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This recipe for rustic, homemade Tuscan tomato soup (pappa al pomodoro) is incredibly simple, calling for just a handful of basic ingredients: fresh ripe tomatoes, fresh basil, and crusty bread. It’s a classic Italian tomato-basil soup thickened with bread, rather than milk, cream or Parmesan.
Fresh tomatoes, garlic, and basil come together in this rustic, comforting homemade tomato basil soup, made thick and creamy with pureed breadcrumbs. Learn how to make rustic and delicious Pappa al Pomodoro with this basic recipe.
Tuscan tomato and bread soup recipe is all about capturing the essence of ripe fresh tomatoes — then getting the heck out of the way! This is a soup recipe that really defines “cozy cooking,” along with other favorites like homemade chicken noodle soup and creamy roasted tomato soup with fresh tomatoes.
What is pappa al pomodoro?
Pomodoro means tomato in Italian. Pappa al pomodoro originates from Tuscany. It’s a simple tomato soup thickened with bread. The traditional Italian peasant dish uses just a few ingredients that stretch out to make a hearty meal. Basically, think of it as a type of thick, savory porridge.
I was lucky to eat the most delicious pappa al pomodoro on a late summer day in Italy. I was visiting a winery in Tuscany and the vintner’s wife made the soup for lunch with freshly picked tomatoes still warm from the sun.
One taste of that dish captivated me, and I still dream about it! The soup is rich and tasty with not much more than tomatoes, olive oil and seasoning.
About the ingredients
- Tomatoes: Italian food expert Nancy Harmon Jenkins stresses the importance of using “red, utterly ripe fresh tomatoes” when making authentic Tuscan tomato soup. That would mean getting your hands on great tomatoes, usually found in farmer’s markets or your own garden. Realistically, that’s not always possible. Grocery store vine tomatoes will work too (they’re what I use) as well as canned whole tomatoes.
- Stale bread: Authentic Tuscan bread is a type of rustic bread that doesn’t contain salt. A day-old Italian-style loaf such as ciabatta or a baguette are good substitutes. Feel free to trim the crusts if they are too hard.
- Garlic: Use two fat cloves.
- Olive oil: Choose a high-quality extra-virgin for the best flavor.
- Onion: Yellow or white onion.
- Fresh basil
- Salt, pepper and sugar: Add more or less sugar to taste, depending on how ripe your tomatoes are.
- Water: Traditional pappa al pomodoro is made with water, but you can use vegetable broth if you like. I think chicken stock overwhelms the pure taste of the tomatoes.
- Make the bread puree in a blender or food processor:
- If you’re not using canned tomatoes, peel and chop the fresh tomatoes.
- If you’d rather not haul out your blender or don’t have one, you can combine the bread cubes, water, olive oil, garlic and salt in a large bowl and let sit for 30 minutes until the liquid is absorbed and the bread is soft. Mash with a wooden spoon or potato masher — it doesn’t need to be absolutely smooth.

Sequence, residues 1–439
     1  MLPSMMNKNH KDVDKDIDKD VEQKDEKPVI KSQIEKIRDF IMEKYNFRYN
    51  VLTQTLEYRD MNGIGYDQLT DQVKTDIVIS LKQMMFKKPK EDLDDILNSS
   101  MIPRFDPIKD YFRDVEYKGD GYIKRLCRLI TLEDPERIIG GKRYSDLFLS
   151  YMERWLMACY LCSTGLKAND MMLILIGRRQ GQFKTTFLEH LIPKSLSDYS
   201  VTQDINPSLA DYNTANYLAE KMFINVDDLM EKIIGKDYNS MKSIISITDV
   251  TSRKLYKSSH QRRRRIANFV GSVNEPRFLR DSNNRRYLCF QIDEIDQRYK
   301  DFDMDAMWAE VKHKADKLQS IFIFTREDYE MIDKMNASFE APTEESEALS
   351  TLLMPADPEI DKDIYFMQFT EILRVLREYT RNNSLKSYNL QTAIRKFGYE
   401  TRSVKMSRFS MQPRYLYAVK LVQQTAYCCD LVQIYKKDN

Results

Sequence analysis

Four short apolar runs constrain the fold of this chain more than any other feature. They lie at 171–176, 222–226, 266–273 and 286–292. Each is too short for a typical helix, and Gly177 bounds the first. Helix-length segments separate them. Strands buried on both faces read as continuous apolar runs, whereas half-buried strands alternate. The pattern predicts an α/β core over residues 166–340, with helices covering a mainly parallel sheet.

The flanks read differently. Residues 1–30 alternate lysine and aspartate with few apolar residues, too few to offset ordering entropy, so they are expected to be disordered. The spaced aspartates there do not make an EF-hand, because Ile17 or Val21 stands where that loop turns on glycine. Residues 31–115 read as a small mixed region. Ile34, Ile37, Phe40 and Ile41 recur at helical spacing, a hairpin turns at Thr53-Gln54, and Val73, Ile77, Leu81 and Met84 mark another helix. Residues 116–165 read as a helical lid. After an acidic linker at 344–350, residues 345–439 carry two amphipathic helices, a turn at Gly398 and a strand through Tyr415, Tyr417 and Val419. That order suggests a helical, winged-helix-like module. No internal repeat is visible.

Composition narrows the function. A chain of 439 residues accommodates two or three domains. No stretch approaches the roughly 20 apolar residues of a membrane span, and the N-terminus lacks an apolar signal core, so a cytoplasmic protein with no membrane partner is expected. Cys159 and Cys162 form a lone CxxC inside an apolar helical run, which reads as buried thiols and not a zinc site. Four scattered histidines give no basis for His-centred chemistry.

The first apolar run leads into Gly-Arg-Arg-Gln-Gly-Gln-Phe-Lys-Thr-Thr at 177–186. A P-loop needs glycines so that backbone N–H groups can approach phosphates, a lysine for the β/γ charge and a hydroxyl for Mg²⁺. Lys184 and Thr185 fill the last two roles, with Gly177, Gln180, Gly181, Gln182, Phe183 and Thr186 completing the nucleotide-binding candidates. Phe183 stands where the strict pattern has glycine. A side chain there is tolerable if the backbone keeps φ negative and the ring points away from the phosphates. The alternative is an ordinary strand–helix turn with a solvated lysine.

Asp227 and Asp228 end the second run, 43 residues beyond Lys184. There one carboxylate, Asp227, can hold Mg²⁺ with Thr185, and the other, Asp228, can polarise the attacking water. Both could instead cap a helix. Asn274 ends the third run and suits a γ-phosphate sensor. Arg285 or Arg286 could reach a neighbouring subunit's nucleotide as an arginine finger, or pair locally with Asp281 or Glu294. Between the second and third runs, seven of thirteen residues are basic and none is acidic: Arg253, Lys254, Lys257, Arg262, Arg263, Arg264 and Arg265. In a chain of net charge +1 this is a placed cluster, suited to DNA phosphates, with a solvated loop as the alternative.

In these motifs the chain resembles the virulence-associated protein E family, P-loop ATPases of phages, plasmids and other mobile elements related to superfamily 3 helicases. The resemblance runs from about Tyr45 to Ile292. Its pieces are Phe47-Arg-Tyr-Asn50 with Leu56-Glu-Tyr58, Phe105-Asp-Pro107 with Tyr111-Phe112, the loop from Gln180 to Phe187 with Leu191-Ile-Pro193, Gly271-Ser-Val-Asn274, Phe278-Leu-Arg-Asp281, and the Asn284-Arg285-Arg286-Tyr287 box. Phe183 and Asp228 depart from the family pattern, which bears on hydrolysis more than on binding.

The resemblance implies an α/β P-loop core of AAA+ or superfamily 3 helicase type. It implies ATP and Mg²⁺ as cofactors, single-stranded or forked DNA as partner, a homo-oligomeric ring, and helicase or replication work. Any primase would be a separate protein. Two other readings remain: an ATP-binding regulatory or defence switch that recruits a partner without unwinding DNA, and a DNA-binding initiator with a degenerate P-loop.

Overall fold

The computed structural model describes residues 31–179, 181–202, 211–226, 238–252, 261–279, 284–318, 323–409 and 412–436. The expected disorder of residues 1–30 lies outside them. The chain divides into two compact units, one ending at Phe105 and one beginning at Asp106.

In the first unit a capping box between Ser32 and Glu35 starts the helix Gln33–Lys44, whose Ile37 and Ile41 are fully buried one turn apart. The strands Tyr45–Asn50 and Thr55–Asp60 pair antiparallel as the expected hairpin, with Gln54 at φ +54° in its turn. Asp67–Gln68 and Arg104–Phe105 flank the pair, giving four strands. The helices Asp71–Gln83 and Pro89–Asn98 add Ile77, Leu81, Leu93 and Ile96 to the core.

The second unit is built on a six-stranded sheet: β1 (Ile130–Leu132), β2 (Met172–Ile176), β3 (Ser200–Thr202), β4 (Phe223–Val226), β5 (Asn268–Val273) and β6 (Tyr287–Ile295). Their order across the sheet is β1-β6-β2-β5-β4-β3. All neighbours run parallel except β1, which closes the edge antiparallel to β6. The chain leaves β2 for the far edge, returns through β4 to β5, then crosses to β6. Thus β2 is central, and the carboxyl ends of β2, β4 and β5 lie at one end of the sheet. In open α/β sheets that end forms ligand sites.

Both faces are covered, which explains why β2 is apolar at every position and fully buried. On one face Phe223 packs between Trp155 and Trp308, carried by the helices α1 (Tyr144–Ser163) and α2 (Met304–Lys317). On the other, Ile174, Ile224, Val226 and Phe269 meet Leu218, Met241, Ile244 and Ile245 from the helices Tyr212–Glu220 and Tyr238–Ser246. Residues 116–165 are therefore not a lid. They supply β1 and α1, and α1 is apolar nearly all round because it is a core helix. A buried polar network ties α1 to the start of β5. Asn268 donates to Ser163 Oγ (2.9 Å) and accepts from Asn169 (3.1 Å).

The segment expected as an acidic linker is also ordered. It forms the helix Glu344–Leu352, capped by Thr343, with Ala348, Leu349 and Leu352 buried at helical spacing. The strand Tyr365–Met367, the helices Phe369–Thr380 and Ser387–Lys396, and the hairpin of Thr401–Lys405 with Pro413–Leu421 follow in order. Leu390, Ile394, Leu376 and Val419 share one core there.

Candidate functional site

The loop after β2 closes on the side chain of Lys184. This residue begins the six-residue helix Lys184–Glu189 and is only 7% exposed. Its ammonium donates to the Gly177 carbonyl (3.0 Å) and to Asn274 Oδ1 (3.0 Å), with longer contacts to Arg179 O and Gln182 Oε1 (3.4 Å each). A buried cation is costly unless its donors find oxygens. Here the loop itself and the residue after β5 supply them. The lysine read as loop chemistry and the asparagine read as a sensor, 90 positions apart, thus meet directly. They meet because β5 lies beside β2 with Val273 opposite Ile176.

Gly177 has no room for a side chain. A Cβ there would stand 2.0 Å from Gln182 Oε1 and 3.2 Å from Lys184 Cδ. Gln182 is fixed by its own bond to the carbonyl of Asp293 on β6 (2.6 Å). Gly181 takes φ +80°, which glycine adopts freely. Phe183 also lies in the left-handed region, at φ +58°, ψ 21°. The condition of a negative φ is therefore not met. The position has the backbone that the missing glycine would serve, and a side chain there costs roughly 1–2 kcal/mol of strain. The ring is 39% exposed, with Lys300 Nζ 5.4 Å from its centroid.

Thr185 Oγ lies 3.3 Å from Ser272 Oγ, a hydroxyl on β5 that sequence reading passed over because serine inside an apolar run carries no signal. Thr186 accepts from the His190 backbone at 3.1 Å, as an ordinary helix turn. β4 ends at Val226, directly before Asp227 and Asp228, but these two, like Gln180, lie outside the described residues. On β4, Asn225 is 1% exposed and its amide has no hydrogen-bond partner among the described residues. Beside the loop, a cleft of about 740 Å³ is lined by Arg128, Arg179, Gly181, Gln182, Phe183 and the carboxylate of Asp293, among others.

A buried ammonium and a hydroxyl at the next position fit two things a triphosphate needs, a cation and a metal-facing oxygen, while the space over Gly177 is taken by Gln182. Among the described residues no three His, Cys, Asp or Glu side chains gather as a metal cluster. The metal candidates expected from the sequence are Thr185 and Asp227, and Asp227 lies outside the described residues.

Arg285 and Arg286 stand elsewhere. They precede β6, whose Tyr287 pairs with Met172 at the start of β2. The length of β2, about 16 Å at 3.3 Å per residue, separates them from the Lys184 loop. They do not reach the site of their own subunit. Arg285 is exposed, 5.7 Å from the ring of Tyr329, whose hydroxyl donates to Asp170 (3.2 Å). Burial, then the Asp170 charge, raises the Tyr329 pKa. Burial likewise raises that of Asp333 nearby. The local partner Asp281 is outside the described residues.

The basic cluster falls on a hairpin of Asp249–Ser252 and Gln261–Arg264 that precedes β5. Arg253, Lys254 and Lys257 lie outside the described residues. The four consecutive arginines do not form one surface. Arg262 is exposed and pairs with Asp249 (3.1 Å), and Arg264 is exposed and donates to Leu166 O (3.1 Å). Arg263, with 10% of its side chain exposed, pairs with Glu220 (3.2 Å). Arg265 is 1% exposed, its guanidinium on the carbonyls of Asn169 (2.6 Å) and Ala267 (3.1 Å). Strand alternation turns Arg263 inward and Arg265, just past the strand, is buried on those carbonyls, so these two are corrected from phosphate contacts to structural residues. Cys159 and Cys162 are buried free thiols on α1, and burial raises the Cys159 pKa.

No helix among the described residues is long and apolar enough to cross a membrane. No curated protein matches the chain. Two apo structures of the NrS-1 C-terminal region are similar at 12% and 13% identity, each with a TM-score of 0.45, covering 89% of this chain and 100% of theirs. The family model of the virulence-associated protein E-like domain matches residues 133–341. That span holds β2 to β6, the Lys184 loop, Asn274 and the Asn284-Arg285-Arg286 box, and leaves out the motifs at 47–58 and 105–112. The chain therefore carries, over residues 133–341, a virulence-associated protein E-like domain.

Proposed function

- Peeling the tomatoes is mostly for looks and texture. Go ahead and skip the blanching step and peeling if you enjoy the texture of the whole tomato.
Storing and reheating
- The soup is best served fresh within 3 days. Keep refrigerated in an airtight container.
- To reheat, warm gently in a saucepan. Add a small amount of additional water if the soup has thickened.
Tuscan Tomato Basil Soup (Pappa al Pomodoro)
- 4 cups cubed crusty bread
- ⅔ cup (160 ml) water
- 6 tablespoons (90 ml) extra-virgin olive oil
- 2 garlic cloves, peeled and smashed with blade of a knife
- Kosher salt
- 1 cup yellow or white onion, finely chopped
- 3 pounds (1.35 kg) fresh ripe tomatoes, peeled and chopped (about 4 cups) *see note below for how to peel, or 2 28-ounce cans whole tomatoes
- 2 teaspoons sugar
- Freshly ground black pepper
- Handful fresh basil leaves, torn or roughly chopped
- Put 2 cups of the bread cubes in a blender or food processor along with the water, ¼ cup olive oil, garlic and ½ teaspoon salt. Blend to form a smooth paste.
- Heat 2 tablespoons olive oil in a large pot and place over medium-low heat. Add the onion and cook until onion is very soft, but not browned, 8-10 minutes.
- Add tomatoes, sugar, 1 teaspoon salt and black pepper to taste. Turn the heat to medium and bring to a simmer. Cover the pot and continue cooking the tomatoes until they become very soft, about 25 minutes. Using a wooden spoon, mash the tomatoes into a coarse puree.
- Add the bread mixture to the tomatoes and stir. If the soup seems very thick, add a little bit more water to thin it out. The texture should be dense and creamy, but still spoonable. Cook for a few minutes, then remove from the heat.
- Drizzle olive oil over the remaining bread cubes. Put them in a skillet over medium-high heat and toast until golden and crisp, stirring them around, for about 5 minutes.
- Taste the soup and season with additional salt and pepper. Garnish with the toasted bread, basil leaves an a swirl of olive oil. Serve warm or at room temperature.
Karen’s Notes and Tips
Nutrition facts are calculated by third-party software. If you have specific dietary needs, please refer to your favorite calculator.